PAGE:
(Id.) However, Defendants advised Plaintiffs that OEG Fruit and Vegetable was considering filing a separate civil action against Linares for “various intentional tort claims” for his alleged involvement in trespassing, and threatening and causing physical harm to individuals at the store. (Id.) Additionally, Defendants claim that OEG Fruit and Vegetable is a “much smaller business and operation than alleged” in the Amended Complaint and that it “would not be able to afford both protracted litigation and potential settlement at a later time.” (Id.)

*2 Based on these factors, the parties agreed to a total settlement of $10,000 with mutual releases. The parties concluded that this settlement is fair in light of (1) “the cost of litigation that may be borne by the parties to resolve certain claims through litigation; (2) [the fact that] Plaintiffs face some risk in establishing their claims, and (3) the value of a full release of any potential claims against Plaintiff Linares.” (Id. at 3.)

On January 31, 2014, the Court referred the motion for settlement approval to Judge Go for a report and recommendation. (Order Referring Motion dated January 1, 2013.) On March 18, 2014, after conducting a hearing regarding the proposed settlement agreement, Judge Go concluded that “the proposed settlement is fair and reasonable under the circumstances, contingent on several revisions discussed regarding the scope of the release and allocation of settlement proceeds.” (Minute Entry dated March 18, 2014.) Accordingly, Judge Go ordered that the parties submit a revised settlement agreement. (Id.) On March 31, 2014, the parties filed the revised settlement agreement. (Docket Entry No. 15.)

c. Report and Recommendation

On April 8, 2014, Judge Go issued a Report & Recommendation (“R & R”), recommending that the Court approve the revised settlement agreement. (Docket Entry No. 16.) Judge Go found that the agreement is fair and reasonable in light of the issues identified in the joint motion—namely, the risk that Alemendares may not be able to establish liability for most of the claimed time period of employment, the fact that Defendants are considering their own separate civil action against Linares, and the risk that Defendants “would not be able to pay after a protracted litigation.” (R & R 3.) The parties have not submitted any objections to the R & R.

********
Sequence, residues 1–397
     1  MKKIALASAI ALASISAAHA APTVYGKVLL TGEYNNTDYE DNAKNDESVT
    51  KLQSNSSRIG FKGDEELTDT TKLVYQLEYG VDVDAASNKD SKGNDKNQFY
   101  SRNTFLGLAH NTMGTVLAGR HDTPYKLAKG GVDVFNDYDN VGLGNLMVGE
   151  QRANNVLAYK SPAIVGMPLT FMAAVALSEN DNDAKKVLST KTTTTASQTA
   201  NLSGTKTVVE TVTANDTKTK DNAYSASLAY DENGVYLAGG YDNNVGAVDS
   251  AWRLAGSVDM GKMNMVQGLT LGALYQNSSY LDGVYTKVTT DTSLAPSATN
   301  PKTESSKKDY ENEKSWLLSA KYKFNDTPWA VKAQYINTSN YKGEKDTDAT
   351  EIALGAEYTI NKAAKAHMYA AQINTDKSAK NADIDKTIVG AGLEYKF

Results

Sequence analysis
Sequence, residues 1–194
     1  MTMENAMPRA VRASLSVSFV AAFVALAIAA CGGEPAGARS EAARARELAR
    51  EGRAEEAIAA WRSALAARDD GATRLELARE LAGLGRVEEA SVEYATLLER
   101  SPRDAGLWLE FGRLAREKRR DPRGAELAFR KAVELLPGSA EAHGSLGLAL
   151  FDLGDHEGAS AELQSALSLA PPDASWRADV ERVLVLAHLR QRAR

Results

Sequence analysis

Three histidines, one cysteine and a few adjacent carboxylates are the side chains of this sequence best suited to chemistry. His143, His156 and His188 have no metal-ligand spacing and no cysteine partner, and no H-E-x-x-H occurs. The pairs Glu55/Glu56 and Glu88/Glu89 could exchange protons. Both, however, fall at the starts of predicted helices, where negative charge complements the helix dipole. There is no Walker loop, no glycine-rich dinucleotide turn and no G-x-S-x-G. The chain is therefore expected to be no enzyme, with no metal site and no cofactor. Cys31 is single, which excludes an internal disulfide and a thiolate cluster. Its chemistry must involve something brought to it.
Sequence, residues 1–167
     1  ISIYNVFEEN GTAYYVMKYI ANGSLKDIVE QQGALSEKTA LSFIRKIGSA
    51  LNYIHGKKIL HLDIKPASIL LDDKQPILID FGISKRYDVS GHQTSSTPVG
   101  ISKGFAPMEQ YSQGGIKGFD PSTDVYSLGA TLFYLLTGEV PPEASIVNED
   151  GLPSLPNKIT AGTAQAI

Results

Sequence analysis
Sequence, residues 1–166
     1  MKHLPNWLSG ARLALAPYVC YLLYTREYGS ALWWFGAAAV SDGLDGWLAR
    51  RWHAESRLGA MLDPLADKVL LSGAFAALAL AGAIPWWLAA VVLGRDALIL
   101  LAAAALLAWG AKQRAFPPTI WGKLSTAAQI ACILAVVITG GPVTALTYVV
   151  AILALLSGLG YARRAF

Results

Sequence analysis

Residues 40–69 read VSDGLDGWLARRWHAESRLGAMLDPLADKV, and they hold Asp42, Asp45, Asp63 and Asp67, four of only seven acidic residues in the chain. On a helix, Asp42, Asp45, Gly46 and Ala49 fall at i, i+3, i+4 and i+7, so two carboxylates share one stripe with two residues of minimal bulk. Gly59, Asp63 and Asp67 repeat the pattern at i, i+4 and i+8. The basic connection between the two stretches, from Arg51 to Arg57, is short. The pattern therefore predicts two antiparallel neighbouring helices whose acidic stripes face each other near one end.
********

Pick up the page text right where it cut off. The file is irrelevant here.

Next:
II. Discussion

A district court reviewing a magistrate judge’s recommended ruling “may accept, reject, or modify, in whole or in part, the findings or recommendations made by the magistrate judge.” 28 U.S.C. § 636(b)(1)(C). “Failure to object to a magistrate judge’s report and recommendation within the prescribed time limit ‘may operate as a waiver of any further judicial review of the decision, as long as the parties receive clear notice of the consequences of their failure to object.’ “ Sepe v. New York State Ins. Fund, 466 F. App’x 49, 50 (2d Cir.2012) (quoting United States v. Male Juvenile, 121 F.3d 34, 38 (2d Cir.1997)); see also Almonte v. Suffolk Cnty., 531 F. App’x 107, 109 (2d Cir.2013) (“As a rule, a party’s failure to object to any purported error or omission in a magistrate judge’s report waives further judicial review of the point.” (quoting Cephas v. Nash, 328 F.3d 98, 107 (2d Cir.2003))); Wagner & Wagner, LLP v. Atkinson, Haskins, Nellis, Brittingham, Gladd & Carwile, P.C., 596 F.3d 84, 92 (2d Cir.2010) (“[A] party waives appellate review of a decision in a magistrate judge’s Report and Recommendation if the party fails to file timely objections designating the particular issue.”).

*3 The Court has reviewed the unopposed R & R, and, finding no clear error, the Court adopts Judge Go’s R & R in its entirety pursuant to 28 U.S.C. § 636(b)(1).

III. Conclusion

For the foregoing reasons, the Court adopts Judge Go’s Report and Recommendation and approves the parties’ revised settlement agreement. The Clerk of the Court is directed to close this case.


All Citations

Not Reported in F.Supp.3d, 2014 WL 2533843